The Dust Journals – Part III

Tuesday, February 15, 2157

I rarely left the mansion much and when I did it was to take walks up in the hills. Trees crop up on the lower edges of north-facing slopes. There aren’t that many trees, just a few, the hardy ones. The survivors.

I am a tree, a moving, walking tree. I liked walking among my fellows.

Today I walk alone and it feels like hell.

I’m on the old highway that went from Walnut Creek to the bay side cities of Oakland and Berkeley. It has a few cracks, some of which act as a sanctuary to a few hardy weeds. But its in surprisingly good repair considering that it hasn’t been touched in over 40 years.

I wish I could regale you with tales of Mad Max and his devil-may-care comrades taking on the system and winning by the skin of their asses. I wish I could talk about the jury-rigged cars they have and their battles, and how I join up with them. I wish I had stories to tell about how we fought back, freed water for everyone to enjoy, not just for the rich, how we slowly turned shit around, how we brought this valley back to life, so that the trees grow plentiful again.

I just can’t do that, even as my mind imagines all of these things. Even as I duck and dodge, roll-play, pretend that I’m escaping diabolical masterminds hell bent on maintaining the status quo.

I’m not here to write fiction stories, though. I keep these journal to record the facts. And the reality is that it is very barren, so very barren. Not another soul is on this road.

Great-granddad told me about the river of traffic that flowed on this asphalt, day and night. I never saw it like that. The most I ever saw were one or two cars an hour.

Even as a loner, I never felt as alone as I do now. No plants. No birds. No animals. No people. Am I the last man in this whole area? Sometimes I feel like the last man on the planet.

But if I want the wet stuff, then I have to go to the plant to get it. Point Richmond or bust. The worst part of the trip is yet to come.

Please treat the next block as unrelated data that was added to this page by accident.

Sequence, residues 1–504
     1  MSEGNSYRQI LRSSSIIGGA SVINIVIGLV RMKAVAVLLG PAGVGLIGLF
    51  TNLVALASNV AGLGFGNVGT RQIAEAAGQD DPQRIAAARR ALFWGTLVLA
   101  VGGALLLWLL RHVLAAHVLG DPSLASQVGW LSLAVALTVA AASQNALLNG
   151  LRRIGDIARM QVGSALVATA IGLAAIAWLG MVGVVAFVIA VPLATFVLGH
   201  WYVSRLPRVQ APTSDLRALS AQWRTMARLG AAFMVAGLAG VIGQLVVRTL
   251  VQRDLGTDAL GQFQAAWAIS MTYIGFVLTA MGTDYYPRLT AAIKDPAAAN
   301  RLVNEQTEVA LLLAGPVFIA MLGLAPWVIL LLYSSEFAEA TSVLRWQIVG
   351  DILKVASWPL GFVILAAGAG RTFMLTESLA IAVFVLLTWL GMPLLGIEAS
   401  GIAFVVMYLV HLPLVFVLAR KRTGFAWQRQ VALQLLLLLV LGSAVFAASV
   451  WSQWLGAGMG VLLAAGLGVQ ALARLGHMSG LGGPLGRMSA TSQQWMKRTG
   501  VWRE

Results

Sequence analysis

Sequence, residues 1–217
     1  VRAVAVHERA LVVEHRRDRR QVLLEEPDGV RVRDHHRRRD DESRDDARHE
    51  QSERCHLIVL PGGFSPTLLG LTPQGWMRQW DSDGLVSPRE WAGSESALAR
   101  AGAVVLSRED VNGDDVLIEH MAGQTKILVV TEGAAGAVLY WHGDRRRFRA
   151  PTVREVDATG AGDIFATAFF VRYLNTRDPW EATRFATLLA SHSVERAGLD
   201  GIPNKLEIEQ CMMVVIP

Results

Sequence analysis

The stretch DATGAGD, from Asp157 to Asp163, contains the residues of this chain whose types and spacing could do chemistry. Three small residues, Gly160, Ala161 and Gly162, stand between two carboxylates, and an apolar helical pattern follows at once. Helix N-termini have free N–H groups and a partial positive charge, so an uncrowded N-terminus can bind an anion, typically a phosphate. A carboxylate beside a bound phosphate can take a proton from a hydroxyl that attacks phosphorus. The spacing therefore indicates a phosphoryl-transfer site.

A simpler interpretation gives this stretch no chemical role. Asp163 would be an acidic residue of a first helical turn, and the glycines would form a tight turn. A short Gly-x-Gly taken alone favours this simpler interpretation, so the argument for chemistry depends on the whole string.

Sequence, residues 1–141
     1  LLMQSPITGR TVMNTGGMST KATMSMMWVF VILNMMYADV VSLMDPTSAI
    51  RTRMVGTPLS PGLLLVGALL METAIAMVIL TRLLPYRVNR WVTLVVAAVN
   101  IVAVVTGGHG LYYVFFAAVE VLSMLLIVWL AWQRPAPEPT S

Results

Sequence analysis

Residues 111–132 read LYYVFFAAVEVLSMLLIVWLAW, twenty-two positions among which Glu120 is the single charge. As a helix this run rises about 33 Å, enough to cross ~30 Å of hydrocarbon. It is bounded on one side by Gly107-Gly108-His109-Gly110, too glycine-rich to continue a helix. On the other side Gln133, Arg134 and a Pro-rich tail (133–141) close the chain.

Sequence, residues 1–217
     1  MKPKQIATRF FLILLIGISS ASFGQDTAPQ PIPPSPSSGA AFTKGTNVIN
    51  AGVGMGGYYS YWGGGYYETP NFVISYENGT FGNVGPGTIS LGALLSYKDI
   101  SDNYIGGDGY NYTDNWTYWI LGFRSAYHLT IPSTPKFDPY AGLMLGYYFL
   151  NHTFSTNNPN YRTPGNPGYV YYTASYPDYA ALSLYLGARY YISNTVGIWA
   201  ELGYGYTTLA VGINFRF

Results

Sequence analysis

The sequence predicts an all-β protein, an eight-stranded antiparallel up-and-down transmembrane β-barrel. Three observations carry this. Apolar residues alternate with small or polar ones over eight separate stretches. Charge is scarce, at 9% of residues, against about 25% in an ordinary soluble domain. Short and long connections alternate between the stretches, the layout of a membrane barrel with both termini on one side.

Wednesday, February 16, 2157

I’m not walking very fast. I have to conserve energy. Even walking at night, it’s still stiflingly hot. So I’m just now getting to the Caldecott Tunnel.

For years I have avoided the tunnels, and here they are before me. Great-granddad said he was one of the first to drive through the newest one. He always said it with a twinkle in his eye, the glint of a past glory.

They’ve been closed for years now. Engineers consider them unsafe. There’s a half-ass fence in front of them, but I can see that it’s easy to get past. Figures. Like I keep saying, no one gives a shit what happens in C, excuse me, D areas. If a slab of concrete falls on me in there, no one would notice.

The Great Quakes caused the tunnels to buckle. Since they straddle one of the faults, that’s not surprising. A car can’t get through anymore, but a person probably could. That’s what I’ve heard, anyway. I’m aiming to find out.

I could go the long way around, up and over the hill. But such a trip would require more provisions than I have available. I was foolish and left the house with too little H2O. I knew this journey would take a while, and yet, I couldn’t get my ass out of the house. I couldn’t pry myself away from Mad Max or my books.

More than anything, I hope my books are still there when I return.

So anyway, the tunnel isn’t what really scares me. It’s what I’ll find on the other side. I’m old enough to remember what it used to look like. That’s my problem.

There’s something else I worry about. I think I maybe wrote about it many years ago, but I can’t remember now. And all the old volumes are at home so I can’t check and see. I think I wrote about it, but I don’t like writing about it, because when I write about it, then it happened. It’s like scratching an itch. The more your scratch, the worse it can get, until it just burns. You’re peeling your skin off, layer by layer, and the itch won’t go away.

That’s the way it is with this thing, which I think I wrote about many years ago. But I can’t say for sure. It scares the shit out of me. And I fear that the other side of the tunnel will bring it back to me.

I’ll try not to think about it.

I won’t be able to write while in the tunnel. The lights stopped working years ago. I’m taking the newest one, the one my great-granddad rode through when it first opened over a hundred years ago. I’ll be thinking of him as I enter the darkness.

© 2014, gar. All rights reserved.

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